One can think of the eccentricity as a measure of how much a conic section deviates from being circular. In particular:
Any conic section can be defined as the locus of points whose distances to a point (the focus) and a line (the directrix) are in a constant ratio. That ratio is called the eccentricity, commonly denoted as e.
The eccentricity can also be defined in terms of the intersection of a plane and a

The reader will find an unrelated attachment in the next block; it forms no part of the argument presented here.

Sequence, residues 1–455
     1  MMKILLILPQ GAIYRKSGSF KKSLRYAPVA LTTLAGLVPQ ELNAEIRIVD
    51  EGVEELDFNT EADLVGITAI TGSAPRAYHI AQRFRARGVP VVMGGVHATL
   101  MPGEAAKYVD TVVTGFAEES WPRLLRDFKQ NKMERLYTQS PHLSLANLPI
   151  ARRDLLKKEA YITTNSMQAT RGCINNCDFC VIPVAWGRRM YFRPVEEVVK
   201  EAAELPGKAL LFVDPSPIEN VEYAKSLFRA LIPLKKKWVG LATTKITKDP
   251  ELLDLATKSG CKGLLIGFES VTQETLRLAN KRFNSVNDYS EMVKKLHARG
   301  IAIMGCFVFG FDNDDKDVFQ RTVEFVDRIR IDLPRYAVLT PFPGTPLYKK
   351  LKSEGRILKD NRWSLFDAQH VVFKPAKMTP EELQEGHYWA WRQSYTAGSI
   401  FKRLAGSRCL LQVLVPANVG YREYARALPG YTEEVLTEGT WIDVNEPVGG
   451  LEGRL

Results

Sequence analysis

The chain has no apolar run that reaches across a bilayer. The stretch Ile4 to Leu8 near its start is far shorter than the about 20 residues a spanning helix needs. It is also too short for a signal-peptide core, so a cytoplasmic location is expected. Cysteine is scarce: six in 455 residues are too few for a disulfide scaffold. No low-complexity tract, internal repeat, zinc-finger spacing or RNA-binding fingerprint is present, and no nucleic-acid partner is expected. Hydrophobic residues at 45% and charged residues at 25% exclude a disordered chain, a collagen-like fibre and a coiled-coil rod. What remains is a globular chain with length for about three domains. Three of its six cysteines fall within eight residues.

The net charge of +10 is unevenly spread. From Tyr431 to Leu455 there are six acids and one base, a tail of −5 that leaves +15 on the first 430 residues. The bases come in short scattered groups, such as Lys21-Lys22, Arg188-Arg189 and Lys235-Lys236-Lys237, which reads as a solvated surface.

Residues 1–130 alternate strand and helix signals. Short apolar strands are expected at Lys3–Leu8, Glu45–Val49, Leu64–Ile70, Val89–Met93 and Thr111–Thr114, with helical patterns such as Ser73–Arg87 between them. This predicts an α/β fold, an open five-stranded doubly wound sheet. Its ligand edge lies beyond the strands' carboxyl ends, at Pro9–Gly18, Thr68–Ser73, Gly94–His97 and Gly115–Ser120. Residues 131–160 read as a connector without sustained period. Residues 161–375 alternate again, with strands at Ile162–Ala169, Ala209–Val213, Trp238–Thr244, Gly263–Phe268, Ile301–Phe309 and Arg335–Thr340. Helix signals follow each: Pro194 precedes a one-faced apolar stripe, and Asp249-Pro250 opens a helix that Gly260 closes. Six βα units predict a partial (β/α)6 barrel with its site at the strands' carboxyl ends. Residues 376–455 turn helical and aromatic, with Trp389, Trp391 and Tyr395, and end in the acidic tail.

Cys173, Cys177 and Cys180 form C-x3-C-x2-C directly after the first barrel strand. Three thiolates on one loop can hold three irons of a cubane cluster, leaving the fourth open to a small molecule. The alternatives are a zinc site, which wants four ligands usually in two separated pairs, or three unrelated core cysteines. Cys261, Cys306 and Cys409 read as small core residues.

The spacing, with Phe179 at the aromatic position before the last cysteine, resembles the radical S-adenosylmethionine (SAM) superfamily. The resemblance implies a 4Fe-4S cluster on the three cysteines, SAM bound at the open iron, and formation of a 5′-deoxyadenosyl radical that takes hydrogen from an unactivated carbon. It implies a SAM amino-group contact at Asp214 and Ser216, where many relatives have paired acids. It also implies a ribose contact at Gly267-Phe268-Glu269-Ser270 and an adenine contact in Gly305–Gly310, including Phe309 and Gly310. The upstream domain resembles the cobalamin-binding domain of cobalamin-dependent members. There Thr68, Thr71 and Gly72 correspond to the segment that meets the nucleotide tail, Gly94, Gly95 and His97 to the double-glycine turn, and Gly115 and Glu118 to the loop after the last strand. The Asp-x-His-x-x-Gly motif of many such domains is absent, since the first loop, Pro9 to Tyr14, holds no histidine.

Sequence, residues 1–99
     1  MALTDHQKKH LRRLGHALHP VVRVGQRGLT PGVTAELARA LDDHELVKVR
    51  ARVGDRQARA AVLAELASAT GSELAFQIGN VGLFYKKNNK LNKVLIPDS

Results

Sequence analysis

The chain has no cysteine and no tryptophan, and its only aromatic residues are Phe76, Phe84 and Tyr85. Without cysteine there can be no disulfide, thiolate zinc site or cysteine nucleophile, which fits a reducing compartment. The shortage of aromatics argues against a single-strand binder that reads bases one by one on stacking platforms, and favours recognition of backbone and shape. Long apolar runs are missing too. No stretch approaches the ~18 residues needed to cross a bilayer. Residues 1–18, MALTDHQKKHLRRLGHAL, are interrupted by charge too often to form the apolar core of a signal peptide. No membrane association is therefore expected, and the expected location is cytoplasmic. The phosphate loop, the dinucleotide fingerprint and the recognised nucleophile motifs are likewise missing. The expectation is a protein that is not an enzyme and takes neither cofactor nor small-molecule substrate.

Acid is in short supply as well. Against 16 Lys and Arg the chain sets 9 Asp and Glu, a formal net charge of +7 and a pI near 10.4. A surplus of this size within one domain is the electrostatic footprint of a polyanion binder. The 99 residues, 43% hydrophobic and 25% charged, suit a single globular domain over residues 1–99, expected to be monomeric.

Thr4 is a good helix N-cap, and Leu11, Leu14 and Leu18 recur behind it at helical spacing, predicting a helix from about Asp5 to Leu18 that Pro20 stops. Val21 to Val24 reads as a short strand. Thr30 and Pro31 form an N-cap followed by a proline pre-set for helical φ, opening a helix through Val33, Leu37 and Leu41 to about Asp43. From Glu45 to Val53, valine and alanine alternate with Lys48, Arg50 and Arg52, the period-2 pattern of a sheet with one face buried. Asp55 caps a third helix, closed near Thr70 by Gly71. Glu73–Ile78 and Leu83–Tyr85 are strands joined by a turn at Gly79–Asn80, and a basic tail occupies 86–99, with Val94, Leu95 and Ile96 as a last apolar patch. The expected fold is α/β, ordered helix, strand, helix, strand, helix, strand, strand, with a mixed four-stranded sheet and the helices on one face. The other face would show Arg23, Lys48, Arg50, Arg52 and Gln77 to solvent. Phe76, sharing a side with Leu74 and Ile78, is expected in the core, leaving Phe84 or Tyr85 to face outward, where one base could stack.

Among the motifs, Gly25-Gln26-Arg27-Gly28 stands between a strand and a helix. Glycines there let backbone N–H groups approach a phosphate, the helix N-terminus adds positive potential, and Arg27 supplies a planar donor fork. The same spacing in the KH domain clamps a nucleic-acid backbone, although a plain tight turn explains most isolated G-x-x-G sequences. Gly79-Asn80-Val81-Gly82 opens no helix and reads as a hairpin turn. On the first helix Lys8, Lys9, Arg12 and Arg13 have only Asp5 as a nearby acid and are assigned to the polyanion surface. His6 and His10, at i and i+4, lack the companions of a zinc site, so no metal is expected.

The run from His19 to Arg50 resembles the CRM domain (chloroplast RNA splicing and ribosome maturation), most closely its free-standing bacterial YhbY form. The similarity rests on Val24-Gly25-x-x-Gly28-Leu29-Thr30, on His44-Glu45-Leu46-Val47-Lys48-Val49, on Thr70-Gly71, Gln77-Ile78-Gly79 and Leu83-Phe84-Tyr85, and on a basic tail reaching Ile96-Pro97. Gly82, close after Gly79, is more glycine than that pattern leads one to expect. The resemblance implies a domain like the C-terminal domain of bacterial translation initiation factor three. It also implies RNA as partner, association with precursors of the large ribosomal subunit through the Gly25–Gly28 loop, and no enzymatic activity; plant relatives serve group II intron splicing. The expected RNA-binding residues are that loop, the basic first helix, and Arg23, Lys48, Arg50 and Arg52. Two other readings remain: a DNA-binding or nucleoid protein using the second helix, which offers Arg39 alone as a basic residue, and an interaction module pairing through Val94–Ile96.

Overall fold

where β is the angle between the plane and the horizontal and α is the angle between the cone's slant generator and the horizontal. For the plane section is a circle, for a parabola. (The plane must not meet the vertex of the cone.)
The linear eccentricity of an ellipse or hyperbola, denoted c (or sometimes f or e), is the distance between its center and either of its two